Wednesday, January 20, 2010

The other role of the PIOs

Hello Everyone! It's been a little while since my last post. Getting very busy at work preparing for the G8 and G20 summits in June.

But the recent events in Haiti have prompted me to do a lot of thinking on the many aspects of the functions of a Public Information Officer during a disaster. We all know the basics of emergency information: providing the public with what they need to know to protect themselves, their property, the environment ... and the other aspect, providing info that will help ensure that audiences adopt the behaviour emergency management professionals wish them to adopt: prepare, shelter, evacuate etc., ...

But there's also another critical function of a PIO ... put your organization's response under the best light possible. To sum up ... it's the PR aspect of the job. How many examples of bad PR associated with not-so-disastrous responses have we seen? Katrina and FEMA come to mind.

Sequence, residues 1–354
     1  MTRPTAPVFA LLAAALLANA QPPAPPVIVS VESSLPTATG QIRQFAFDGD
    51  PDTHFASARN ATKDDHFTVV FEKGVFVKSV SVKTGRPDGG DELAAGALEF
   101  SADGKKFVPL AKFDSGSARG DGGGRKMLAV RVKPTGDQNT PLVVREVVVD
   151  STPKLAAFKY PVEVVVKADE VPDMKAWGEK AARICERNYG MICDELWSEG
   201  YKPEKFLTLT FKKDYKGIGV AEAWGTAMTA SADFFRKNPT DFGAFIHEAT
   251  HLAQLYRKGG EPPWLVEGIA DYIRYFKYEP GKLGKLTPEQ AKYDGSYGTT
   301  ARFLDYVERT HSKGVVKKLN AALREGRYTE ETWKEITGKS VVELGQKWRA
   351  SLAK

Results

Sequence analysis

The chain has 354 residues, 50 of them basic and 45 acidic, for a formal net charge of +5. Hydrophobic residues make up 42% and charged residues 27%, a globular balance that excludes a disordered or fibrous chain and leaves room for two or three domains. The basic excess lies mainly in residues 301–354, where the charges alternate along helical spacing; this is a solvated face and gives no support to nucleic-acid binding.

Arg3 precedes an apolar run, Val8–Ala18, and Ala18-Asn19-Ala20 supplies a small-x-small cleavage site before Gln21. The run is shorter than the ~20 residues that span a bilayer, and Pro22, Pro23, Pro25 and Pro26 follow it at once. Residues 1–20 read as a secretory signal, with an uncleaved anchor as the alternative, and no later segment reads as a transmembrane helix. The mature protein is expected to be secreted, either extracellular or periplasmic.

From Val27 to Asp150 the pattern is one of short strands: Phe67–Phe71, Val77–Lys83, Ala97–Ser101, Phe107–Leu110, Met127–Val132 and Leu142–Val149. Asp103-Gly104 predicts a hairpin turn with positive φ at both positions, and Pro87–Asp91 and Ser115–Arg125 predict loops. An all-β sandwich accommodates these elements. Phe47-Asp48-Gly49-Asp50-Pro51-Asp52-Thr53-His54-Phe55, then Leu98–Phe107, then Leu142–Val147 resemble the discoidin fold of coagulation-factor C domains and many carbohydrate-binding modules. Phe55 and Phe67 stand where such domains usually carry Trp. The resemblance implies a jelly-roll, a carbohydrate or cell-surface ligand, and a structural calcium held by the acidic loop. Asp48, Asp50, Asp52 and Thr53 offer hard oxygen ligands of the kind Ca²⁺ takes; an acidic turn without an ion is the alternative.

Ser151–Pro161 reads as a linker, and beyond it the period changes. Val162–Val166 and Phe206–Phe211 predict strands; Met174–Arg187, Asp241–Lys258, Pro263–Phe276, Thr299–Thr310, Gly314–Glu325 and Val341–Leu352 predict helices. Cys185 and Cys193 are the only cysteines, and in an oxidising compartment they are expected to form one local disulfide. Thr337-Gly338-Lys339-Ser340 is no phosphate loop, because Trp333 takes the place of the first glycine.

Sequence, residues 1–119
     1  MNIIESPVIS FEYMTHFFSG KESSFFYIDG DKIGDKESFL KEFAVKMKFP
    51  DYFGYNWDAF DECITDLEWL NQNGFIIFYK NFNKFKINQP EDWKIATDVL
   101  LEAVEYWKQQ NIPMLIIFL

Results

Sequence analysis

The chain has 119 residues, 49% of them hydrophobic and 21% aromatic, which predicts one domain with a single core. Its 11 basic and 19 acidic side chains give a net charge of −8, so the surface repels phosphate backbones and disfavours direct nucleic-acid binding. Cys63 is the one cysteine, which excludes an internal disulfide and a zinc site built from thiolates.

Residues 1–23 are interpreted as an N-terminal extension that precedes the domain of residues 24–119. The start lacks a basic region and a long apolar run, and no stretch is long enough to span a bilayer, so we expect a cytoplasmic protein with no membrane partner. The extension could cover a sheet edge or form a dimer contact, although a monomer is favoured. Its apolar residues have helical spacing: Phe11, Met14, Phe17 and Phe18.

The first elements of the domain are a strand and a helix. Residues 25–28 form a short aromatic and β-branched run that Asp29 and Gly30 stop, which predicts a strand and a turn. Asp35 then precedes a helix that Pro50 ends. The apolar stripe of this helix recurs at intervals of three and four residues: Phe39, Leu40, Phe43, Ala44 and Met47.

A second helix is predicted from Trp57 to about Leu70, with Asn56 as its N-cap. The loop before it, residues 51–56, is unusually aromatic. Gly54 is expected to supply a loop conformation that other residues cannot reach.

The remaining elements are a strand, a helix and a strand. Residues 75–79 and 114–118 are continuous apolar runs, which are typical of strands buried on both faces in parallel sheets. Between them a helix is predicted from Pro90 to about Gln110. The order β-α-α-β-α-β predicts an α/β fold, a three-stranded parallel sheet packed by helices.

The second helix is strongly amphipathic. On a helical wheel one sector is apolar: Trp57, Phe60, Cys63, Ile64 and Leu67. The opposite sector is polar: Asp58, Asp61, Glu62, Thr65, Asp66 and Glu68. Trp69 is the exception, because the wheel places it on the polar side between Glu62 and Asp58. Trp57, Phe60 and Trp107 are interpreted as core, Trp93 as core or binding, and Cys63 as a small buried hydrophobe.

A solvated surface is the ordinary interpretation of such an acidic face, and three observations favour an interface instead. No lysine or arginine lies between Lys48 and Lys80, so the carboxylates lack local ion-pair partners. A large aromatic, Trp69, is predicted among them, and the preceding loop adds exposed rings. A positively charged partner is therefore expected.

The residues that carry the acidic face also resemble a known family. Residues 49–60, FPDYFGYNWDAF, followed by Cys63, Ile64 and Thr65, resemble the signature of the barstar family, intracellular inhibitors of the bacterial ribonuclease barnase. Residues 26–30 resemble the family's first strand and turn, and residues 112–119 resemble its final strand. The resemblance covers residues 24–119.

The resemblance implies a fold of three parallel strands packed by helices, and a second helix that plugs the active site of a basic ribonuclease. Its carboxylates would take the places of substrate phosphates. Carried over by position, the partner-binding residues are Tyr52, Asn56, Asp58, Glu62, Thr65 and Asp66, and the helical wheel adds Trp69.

Now, with the international disaster response in Haiti, I've been doing a lot of thinking about that. Seems everything is magnified. Lots of good work is being accomplished, and despite some criticism (nothing is ever perfect!) ... the relief efforts are finally achieving results.

We see the outcome on TV, in news stories and on social media platforms .... I bet you that there are many PIOs at work in Haiti helping project their country's or their organization's response on the global scene. Fairfax County HUSAR has been referred to many times ... and the same applies for the Israeli Defense Force deployment ...

I'm sure there are all kinds of motivation for publicizing your response in international deployment to many audiences: external and internal ... I believe that it's an essential part of our jobs as PIOs. What better way to prepare to respond in your own jurisdiction, than going out and doing the real thing somewhere else ... beats every training scenario I know!

It's all about perception ... if the public and other key constituents perceive the response as flawed or ineffective, the way out of that particular problem might be a difficult one.

So I ask the question: are there ethical issues associated with that aspect of our work? Particularly in large-scale disasters such as the one we're dealing wih now, with unfathomable loss of life and suffering?

I await comments ....